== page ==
Emergency power systems ensure an energy supply independent of the power grid. They are not only used in critical facilities such as hospitals, chemical plants, control centers, but also in computer centers and office buildings.
From diesel generators for large-scale systems to battery storage units that take over the buffering of short power failures. We are pleased to advise you and implement your project.
There are different types of emergency power systems. Which system you choose depends largely on the area of application and the requirements. We are happy to support you here as well.
Power generation unit
Power generation units (SEA) consist of a drive unit - usually a combustion engine (diesel or petrol) - and a generator that converts the mechanical energy of the engine into electrical energy.
A distinction is made here between stationary and mobile power generation units. Stationary SEA are preferably installed in buildings and planned as long-term grid replacement and peak load systems. Mobile generators can be transported and are therefore very suitable for temporary solutions.
When operating a power generation unit or changing to its supply, there are short-term interruptions in the energy supply.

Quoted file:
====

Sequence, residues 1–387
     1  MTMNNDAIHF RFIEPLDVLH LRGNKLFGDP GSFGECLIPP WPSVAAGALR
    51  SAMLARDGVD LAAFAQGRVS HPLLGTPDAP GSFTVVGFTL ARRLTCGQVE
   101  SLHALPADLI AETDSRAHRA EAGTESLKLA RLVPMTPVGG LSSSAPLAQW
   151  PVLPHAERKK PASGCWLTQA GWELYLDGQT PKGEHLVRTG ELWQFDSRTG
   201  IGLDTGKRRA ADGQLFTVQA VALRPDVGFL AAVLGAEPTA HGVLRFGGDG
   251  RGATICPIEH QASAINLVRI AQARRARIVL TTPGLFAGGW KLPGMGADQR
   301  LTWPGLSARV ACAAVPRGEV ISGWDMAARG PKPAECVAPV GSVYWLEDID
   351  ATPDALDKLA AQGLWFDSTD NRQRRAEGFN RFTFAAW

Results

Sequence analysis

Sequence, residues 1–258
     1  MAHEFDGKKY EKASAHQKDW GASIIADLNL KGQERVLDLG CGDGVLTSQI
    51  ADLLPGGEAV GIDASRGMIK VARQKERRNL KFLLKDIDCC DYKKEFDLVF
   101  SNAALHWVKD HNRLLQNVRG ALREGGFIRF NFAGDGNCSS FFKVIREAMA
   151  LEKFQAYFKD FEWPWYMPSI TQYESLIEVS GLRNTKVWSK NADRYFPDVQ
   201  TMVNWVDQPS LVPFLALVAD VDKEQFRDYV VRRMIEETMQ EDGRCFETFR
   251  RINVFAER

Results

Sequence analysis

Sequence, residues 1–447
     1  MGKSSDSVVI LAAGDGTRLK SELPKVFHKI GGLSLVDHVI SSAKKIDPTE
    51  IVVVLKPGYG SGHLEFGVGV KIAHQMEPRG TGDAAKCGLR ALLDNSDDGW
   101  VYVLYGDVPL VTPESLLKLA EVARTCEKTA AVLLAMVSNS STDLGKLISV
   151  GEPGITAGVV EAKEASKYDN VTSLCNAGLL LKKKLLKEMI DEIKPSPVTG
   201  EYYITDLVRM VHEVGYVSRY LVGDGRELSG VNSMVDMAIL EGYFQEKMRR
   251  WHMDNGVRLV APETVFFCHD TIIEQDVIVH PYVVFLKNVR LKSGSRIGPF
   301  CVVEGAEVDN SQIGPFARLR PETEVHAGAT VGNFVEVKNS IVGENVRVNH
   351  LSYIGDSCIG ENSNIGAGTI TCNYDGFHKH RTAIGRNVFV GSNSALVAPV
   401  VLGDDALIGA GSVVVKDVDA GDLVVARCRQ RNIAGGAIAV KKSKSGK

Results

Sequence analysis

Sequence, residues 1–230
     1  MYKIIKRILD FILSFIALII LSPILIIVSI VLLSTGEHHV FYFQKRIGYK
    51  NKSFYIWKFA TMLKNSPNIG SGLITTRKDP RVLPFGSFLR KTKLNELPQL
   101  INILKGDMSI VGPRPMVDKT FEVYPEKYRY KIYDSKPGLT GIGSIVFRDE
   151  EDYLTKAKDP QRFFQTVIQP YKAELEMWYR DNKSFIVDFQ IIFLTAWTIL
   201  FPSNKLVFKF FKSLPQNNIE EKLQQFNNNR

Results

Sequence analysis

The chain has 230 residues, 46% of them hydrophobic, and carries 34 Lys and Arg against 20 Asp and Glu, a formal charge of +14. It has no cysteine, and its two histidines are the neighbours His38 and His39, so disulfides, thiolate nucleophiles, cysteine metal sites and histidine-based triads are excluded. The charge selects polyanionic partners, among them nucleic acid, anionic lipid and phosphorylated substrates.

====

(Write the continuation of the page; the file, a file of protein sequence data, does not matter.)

Uninterruptible power supply
To avoid an interruption of the power supply, the emergency power system must be supported by an uninterruptible power supply (UPS). This can ensure the supply of power to critical systems, for example in hospitals or data centers.
The UPS ensures the power supply of critical electrical devices in case of disturbances in the power grid. Short-term power failures and power fluctuations in the form of overvoltage or under voltage thus have no negative impact on the safety of the systems.
Emergency power system
Mains backup systems, also known as general back-up power supplies (AEV), provide power to selected consumers or system parts when there are disturbances in the general power grid. In this case, emergency generators or batteries take over the further supply. When switching over to the AEV, short-term voltage dips may occur.